From these data, you will see that Massachusetts posted some of the very highest average NAEP scores in 2007, but excluded at least as many students as the national average exemption and, in some cases, such as Grade 8 Reading, Massachusetts had the highest exemption rate of any state in the nation. Look at Tables A-12 and A-19 and you will see that the students without disabilities scored about 20-40 points more than those without, so the difference is quite large. You can imagine a few percentage points difference in participation rates could really skew the results.

Is it possible that Massachusetts just does a better job of identifying students with these challenges? Perhaps, but from Tables A-12 and A-19, you can see that students with disabilities in Massachusetts have an average scaled score higher than students without disabilities in many other states. Does that say something about those states or Massachusetts? One last point of reference is worth noting. In Grade 4 Math in 2007, students with disabilities in Massachusetts earned an average scaled score of 238. The national average was 239. Are we really to believe that the average student with disabilities in Massachusetts is just as smart as the average student in the nation? Perhaps. I guess. Possibly.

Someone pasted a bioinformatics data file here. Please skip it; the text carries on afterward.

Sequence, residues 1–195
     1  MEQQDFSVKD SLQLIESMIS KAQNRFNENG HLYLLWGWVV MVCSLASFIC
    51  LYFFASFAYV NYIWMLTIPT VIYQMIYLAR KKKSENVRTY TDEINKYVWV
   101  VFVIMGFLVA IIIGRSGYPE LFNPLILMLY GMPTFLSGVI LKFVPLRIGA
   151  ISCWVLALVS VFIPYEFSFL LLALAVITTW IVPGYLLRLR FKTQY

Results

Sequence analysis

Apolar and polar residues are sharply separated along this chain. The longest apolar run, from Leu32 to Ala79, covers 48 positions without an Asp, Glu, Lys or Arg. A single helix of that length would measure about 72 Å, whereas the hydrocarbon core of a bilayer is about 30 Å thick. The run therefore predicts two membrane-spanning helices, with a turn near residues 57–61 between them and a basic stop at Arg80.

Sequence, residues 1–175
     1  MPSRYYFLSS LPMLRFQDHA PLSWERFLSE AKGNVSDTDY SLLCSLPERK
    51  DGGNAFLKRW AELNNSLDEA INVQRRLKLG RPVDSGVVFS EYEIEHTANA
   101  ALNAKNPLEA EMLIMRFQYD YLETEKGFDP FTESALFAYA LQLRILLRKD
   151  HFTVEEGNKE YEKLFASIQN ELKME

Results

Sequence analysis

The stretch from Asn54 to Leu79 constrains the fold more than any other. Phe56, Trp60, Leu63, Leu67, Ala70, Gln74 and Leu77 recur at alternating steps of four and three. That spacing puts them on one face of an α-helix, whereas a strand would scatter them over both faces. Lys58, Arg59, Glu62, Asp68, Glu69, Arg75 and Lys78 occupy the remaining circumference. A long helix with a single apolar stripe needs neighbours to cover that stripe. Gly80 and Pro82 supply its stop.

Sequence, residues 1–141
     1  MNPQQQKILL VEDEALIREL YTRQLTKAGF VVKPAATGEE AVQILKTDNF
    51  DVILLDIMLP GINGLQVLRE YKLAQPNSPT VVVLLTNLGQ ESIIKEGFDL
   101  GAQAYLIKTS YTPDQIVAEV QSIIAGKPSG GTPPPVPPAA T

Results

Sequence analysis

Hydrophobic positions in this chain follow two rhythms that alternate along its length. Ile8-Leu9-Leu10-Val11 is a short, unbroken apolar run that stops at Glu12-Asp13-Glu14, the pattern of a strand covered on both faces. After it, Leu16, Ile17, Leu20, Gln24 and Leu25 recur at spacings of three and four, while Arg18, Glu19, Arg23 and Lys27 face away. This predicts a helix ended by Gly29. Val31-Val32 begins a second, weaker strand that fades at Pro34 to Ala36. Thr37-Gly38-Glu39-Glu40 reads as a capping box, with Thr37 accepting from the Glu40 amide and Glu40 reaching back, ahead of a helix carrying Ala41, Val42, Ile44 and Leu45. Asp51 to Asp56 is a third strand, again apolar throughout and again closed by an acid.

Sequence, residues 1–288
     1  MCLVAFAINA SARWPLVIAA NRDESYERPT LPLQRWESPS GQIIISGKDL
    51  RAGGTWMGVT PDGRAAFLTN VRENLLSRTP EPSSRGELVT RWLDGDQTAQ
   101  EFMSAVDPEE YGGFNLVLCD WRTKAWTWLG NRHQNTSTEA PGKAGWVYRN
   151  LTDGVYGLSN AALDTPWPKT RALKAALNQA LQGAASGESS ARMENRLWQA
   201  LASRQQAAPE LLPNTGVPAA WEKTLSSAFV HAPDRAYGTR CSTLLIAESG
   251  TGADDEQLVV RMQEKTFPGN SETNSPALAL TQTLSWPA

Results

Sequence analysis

Think of how many people rely on NAEP numbers to make a political point. How many of them are prepared to discuss this?

Anonymous said...


...Massachusetts posted some of the very highest average NAEP scores in 2007, but excluded at least as many students as the national average exemption and, in some cases, such as GRADE 8 MATH (NOT READING), Massachusetts had the highest exemption rate of any state in the nation....

Massachusetts' exemptions are at or above the national average in all four grade/subject combinations. In Grade 8 Math, the excluded rate is 9%, the highest of any state, and more than twice the national average of 4%

Apologies to eduwonkette.

eduwonkette said...

hi anon 6:02,

now i'm convinced i should look at the regular NAEP exemptions - i'll let you know what i find.